The Investment Management Association (IMA) has taken over responsibility from the ABI for publishing Principles of Remuneration on behalf of institutional investors.  The IMA's 2014 Principles, which replace (and, to a large extent, replicate) the 2013 ABI version, set out views on the structure of executive pay and the roles of shareholders and the remuneration committee. 

The new version includes a statement that the IMA does not support the use of allowances as part of fixed pay, as it considers that they are "inconsistent with the spirit of simplicity, clarity and pay for performance", and that company remuneration committees should "clearly justify" and explain why they thought any allowances were necessary in the context of the overall remuneration package.  We mentioned last week that the European Banking Authority has recently published a report investigating whether role-based pay is being correctly categorised in the light of the cap on bonuses in the banking sector.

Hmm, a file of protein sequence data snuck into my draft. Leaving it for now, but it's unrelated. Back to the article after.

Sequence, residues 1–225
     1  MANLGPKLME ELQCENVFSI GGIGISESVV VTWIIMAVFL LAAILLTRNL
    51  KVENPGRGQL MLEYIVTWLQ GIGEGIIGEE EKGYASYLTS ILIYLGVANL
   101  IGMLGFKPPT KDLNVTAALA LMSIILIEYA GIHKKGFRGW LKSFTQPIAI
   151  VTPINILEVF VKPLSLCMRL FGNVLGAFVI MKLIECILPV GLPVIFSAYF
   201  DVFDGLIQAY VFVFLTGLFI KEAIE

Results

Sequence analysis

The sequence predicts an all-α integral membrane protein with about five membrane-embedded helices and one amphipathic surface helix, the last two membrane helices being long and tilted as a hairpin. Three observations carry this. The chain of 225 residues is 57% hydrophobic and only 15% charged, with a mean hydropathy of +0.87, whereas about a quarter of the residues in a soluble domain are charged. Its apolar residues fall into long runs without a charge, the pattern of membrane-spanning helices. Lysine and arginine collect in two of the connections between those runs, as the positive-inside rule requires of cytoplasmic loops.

In a covering letter to chairs of remuneration committees, the IMA mentions some other executive pay issues of particular concern to shareholders in the wake of the recent changes to remuneration reporting:

  1. Investors continue to have concerns about the overall amounts (and level of gearing) in variable pay and will continue to scrutinise closely any proposals to increase variable pay.
  2. The reasons for increased maximum variable pay should be explained: an increase in the size of the company is not in itself a sufficient rationale.
  3. In normal circumstances, basic salary increases should not exceed inflation or the increase for the workforce as a whole.
  4. Investors look at the absolute amount paid for the achievement of threshold performance, not just the proportion of the award which vests.
  5. Committees should consider adopting longer length of performance/holding periods for long-term incentives.
  6. Members will not support retrospective changes to performance conditions to take account of recent movements in exchange rates – the management of exchange rate risks is part of an executive's role.